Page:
God uses a variety people to fight against human trafficking. There are those who seek girls out on the street to encourage them and share Christ’s love. Others are passionate advocates in local and state governments, and there are those who give rousing speeches to churches and assemblies. Some people spend weeks investigating prostitution rings that are exploiting young kids, while others rush into danger to rescue girls held captive for months. Some stand up for girls in court who have been wrongfully criminalized, and still others nurse their wounds in a Children’s Clinic after rescue.
Me? I teach young girls who have been exploited how to solve multi-variable word problems in Algebra and how to balance chemical decomposition equations in Chemistry. Some days, if I am lucky, I get to see God reveal truths to them about His love as they heal, grow, and find hope. It’s not glamorous, but education is a critical piece of the puzzle in equipping girls to reclaim their future. These girls are facing obstacles such as recovering from trauma and many times climbing out of poverty.
I’ve been working with survivors of human trafficking for a year and a half now. I was the first male to be hired to work with the program. Some ministries working with trafficking victims stay away from using male employees, but Wellspring Living thought it would be constructive and even therapeutic to hire a man to work directly with the girls in a safe environment. In the beginning we were all a little on guard trying to figure out what the correct boundaries would be. Our girls haven’t just been sexually abused but many times brutalized by men in their lives. If these girls aren’t abused physically, the emotional abuse and manipulation endured deeply scars these kids, some as young as 13 in our program.
So, you can imagine there was a little trepidation on my part about how they would react to me as a male teacher. What we have found, though, is that the girls already have a mix of positive males in their lives, so it’s not like I am some type of alien. But it is incredibly rewarding to be able to model a healthy male, adult relationship for them. While I’m a pretty big man, they quickly realize I’m just a big softy and open up to me in some meaningful ways. I have the benefit of working with my wife, Sophie, here at the Victory program. We have the honor to demonstrate a Christ-centered marriage and family life for the girls. All of us who work with the girls recognize that every moment is a teaching moment, not just in the classroom and therapy groups. Every conversation and reaction to outbursts is an opportunity for us to extend grace, model love, and teach life skills. God is in these details.
The young girls that come to us are all unique and each have their own stories and personalities. Some are fairly close to being on track in school so we just have to make up a credit or two as they complete the program. Others, however, have missed entire years of school and we get the opportunity to help them catch up; sometimes even graduate high school. There are a few who show up without a single high school credit at 17 years of age. Sometimes those are the most intelligent girls who have had to use their wits to survive on the street. But it’s a lot to make up so we get them as much knowledge as possible and set them up to succeed on the GED. Not that those plans work out perfectly every time, but school is the buy-in for our girls to accept the help we offer therapeutically and spiritually. They WANT to achieve in school, so as soon as they realize what can be accomplished they have a reason to be here – a tangible benefit they understand.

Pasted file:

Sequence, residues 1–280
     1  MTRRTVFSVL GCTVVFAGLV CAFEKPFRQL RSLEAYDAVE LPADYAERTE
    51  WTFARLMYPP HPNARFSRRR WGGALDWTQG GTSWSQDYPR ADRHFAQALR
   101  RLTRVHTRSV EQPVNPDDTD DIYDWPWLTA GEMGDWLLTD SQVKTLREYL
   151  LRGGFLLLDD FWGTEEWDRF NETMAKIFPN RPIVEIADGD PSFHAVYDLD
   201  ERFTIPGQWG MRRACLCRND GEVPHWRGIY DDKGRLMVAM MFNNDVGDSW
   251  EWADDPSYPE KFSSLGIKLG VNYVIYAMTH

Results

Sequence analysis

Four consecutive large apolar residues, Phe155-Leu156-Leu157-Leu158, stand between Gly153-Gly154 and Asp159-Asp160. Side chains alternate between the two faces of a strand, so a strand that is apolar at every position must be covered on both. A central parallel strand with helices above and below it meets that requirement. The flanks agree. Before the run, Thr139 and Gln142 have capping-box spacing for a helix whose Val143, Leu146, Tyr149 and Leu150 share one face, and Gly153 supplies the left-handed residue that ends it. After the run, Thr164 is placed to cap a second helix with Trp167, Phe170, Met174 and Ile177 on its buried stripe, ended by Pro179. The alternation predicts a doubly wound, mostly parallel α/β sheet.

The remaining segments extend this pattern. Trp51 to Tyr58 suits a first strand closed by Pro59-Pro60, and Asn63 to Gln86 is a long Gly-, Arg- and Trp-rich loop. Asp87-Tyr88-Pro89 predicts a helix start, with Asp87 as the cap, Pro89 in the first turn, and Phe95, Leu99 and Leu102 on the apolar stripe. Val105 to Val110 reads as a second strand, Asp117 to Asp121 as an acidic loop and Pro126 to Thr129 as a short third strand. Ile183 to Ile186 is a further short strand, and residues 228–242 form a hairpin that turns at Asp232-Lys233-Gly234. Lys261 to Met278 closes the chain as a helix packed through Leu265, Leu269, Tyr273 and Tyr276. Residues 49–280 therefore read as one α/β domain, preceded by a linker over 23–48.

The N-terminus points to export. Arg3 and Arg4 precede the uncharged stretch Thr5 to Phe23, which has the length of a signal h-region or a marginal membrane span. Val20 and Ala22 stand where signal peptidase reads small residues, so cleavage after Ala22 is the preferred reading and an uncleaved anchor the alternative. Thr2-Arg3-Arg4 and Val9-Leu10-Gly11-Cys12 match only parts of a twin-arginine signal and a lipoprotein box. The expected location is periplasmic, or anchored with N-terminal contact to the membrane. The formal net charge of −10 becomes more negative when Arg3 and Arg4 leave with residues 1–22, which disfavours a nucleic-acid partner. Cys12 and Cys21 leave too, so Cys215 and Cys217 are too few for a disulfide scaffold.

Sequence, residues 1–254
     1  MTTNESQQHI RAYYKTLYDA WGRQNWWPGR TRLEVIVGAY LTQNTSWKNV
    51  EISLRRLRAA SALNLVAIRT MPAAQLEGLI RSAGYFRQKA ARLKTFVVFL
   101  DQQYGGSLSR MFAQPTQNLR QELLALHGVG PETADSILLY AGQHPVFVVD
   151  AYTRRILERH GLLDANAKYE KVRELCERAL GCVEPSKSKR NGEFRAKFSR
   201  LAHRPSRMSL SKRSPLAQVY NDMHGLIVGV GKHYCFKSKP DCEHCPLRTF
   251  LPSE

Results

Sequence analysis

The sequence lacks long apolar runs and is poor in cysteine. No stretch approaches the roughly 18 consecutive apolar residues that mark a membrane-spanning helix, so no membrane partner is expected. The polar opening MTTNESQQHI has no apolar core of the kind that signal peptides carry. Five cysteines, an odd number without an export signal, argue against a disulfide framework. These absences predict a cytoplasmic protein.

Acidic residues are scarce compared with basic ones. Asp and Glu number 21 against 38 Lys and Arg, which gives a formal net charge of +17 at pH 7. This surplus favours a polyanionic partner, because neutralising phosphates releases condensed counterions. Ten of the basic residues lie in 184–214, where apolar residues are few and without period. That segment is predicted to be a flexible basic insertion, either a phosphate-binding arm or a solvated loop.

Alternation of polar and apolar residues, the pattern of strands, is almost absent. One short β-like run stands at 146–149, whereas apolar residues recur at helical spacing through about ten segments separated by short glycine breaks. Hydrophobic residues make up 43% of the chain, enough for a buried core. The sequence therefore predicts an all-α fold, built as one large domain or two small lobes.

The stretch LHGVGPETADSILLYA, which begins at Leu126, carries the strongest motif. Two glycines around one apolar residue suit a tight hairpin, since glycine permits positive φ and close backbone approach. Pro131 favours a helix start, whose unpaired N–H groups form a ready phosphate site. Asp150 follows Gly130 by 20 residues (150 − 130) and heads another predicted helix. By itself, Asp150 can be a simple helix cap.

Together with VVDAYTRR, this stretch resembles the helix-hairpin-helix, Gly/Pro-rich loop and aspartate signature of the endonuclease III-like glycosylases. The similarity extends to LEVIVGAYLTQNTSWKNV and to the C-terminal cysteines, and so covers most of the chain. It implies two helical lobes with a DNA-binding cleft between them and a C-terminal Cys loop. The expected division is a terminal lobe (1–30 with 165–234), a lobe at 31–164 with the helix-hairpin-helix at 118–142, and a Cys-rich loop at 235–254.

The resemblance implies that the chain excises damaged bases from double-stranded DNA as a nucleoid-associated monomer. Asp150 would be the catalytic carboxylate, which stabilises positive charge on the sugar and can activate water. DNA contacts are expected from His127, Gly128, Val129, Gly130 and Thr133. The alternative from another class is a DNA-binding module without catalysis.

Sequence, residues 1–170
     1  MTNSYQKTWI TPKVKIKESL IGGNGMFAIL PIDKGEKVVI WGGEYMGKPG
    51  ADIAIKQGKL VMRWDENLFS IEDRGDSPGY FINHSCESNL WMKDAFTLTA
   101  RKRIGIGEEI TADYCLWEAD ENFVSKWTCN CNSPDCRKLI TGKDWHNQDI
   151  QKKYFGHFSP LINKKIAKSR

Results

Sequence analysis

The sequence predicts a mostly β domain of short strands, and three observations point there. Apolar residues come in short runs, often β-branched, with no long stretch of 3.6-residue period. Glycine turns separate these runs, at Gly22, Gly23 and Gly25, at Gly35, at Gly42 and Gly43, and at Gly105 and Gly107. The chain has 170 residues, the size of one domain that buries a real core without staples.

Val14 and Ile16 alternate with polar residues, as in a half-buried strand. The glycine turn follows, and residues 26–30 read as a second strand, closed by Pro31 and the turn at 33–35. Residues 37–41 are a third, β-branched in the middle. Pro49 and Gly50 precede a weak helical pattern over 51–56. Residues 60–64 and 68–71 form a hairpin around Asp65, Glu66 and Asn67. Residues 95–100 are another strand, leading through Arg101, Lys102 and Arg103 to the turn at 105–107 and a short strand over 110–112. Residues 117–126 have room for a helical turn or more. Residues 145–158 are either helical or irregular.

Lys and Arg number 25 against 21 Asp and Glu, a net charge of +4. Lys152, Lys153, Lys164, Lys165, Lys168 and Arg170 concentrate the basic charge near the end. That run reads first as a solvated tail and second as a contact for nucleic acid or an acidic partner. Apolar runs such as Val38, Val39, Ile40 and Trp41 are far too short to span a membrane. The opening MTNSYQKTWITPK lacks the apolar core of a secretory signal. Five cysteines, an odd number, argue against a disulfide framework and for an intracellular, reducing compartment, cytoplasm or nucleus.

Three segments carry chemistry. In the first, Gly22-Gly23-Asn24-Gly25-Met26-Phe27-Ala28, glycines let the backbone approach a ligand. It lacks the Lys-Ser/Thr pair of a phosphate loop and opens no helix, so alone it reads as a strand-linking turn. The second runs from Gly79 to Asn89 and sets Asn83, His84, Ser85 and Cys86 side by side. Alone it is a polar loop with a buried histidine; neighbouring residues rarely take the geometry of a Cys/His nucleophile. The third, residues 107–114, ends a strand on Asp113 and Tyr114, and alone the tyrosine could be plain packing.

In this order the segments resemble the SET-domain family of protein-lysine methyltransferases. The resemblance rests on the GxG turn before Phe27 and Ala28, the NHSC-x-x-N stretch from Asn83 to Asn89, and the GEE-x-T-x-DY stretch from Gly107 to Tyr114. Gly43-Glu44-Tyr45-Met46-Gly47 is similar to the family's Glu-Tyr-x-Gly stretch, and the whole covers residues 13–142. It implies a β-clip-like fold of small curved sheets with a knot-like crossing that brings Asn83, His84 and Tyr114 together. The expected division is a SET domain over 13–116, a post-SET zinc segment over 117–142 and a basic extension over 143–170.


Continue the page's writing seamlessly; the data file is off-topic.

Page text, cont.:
The reality is these girls are more than statistics or sad stories about sex and sad men. They have hopes and dreams just like every other kid in America. In Monarch (our youth small group) they talk about their struggles with faith and doubt just like you and I. They have more junk to sort through, deeper shame, and more reason to question the goodness of God. But God shows up for them. Some are reading their Bibles more than any kid I had in youth group and being more honest about their questions in the process. It’s not always pretty. Their pain causes them to fight and push back with God and those of us who care for them. I once had a girl tell me she wanted to throw up when she looked at me. I asked friends on Facebook and twitter to pray for her and later that day she came up and thanked me for not giving up on her.
So we keep going. I would like to ask you to keep praying for our girls. We get them for a short time and they head back into the same world that treated them like a commodity. Ask God to continue to work in their lives and find ways you can get involved in their lives through Wellspring Living or other organizations around the country who work to Rescue, Restore, and Renew. You can make the choice to face the reality of what’s happening or continue to hide and let them suffer.